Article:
SEP 16, 2021 5:00 PM PDT

American Astronomical Society Commits to Open Access Journals

WRITTEN BY: Hannah Daniel

The American Astronomical Society (AAS) will move to open access format by January 1, 2022. AAS publishes six journals: Astronomical Journal (AJ), the Astrophysical Journal (ApJ)Astrophysical Journal Letters (ApJL), and the Astrophysical Journal Supplement Series (ApJS). The sixth journal, AAS’s Planetary Science Journal, is already open access.

Open access publications are free and accessible to the public the moment that they are published. Traditionally, peer-reviewed articles have been locked behind paywalls, and groundbreaking research papers can only be accessed with a subscription (or as a part of an institution like a university). AAS’s commitment to making their publications open access means that anyone with an internet connection can read the latest news in astronomical science.

AAS, however, is taking it one step further — they are opening their vaults as well. On January 1, 2022, all papers, studies, and reviews published by any AAS journal since their inaugural issue will be open access. This represents a significant breakthrough in the accessibility of science and will hopefully inspire other prominent journals to move to open access journalism in the coming years.

To understand the importance of open access, I use a personal example: being a recent graduate of a four-year technical university, up until May 2021, I had access to almost any journal I wanted. This is because my tuition included the subscription fees for the most prestigious journals in the world, and through the university library, I could easily access research papers whenever I wanted. Since I’ve graduated, however, I no longer have access to these publications. To read one article, I could pay ten dollars, or $200 a year for a subscription— and that’s just for one journal.

Putting science behind a paywall means that it is inaccessible to certain groups of people; it is inherently a socioeconomic barrier. Therefore, the interpretation of and reporting on these papers is only accessible to one group of people: those who can afford to pay for knowledge.

During the early months of the COVID-19 outbreak, the Wellcome Trust, a major research funder, published a statement calling for open access journals to allow scientists to share their data faster and more widely. COVID-19 caused the most significant influx of scholarly papers in one year, with over 530,000 articles and preprints (manuscripts that hadn’t been peer-reviewed at the time of their original publication) throughout this pandemic.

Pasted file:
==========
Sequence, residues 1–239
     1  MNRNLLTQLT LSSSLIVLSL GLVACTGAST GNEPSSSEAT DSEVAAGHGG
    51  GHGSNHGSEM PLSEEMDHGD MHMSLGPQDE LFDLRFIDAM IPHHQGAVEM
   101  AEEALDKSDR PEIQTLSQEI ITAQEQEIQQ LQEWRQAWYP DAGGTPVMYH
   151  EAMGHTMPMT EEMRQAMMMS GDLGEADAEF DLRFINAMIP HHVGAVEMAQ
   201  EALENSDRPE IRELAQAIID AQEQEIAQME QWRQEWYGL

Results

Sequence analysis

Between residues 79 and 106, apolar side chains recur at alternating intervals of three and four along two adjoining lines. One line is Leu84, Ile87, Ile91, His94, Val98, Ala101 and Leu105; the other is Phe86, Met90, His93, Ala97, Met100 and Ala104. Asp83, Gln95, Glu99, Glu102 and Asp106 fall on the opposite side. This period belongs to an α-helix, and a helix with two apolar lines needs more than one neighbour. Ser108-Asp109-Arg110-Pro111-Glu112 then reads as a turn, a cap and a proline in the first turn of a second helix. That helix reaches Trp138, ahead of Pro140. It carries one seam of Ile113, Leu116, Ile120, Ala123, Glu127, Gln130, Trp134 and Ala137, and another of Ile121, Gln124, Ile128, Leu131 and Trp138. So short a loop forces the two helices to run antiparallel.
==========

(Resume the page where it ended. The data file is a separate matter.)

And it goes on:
The goal was to make knowledge more accessible so that scientists worldwide could collaborate and save lives. Following the lead of the physics preprint server, arXiv, medRxiv was created to publish medical preprints. On top of that, publishers promised to speed up reviews and publications of journal articles related to COVID-19. While some were concerned that this would lead to a decrease in quality, out of all of the research published on COVID-19, only 0.03% of papers have been retracted (slightly less than the rate for other disciplines pre-pandemic).

While this open-access revolution showed that scientific publications and communications could be sped up in a time of crisis, we need to take it one step further. Lives should not have to be at stake for science to be accessible.

AAS’s move to open-access journalism is a commitment, and I applaud them for it. Hopefully, this encourages other journals and publishing companies to consider making their information accessible as well.


Sources: AAS, Science Magazine

About the Author
Bachelor's (BA/BS/Other)
Hannah Daniel (she/they) is a recent graduate of Carnegie Mellon University, where she received a Bachelor of Science in Biology with an additional minor in Creative Writing. Currently, she works as a reporter for Informa Intelligence's Medtech Insight publication, a business newsletter detailing the latest innovations and regulations in the medical device industry.
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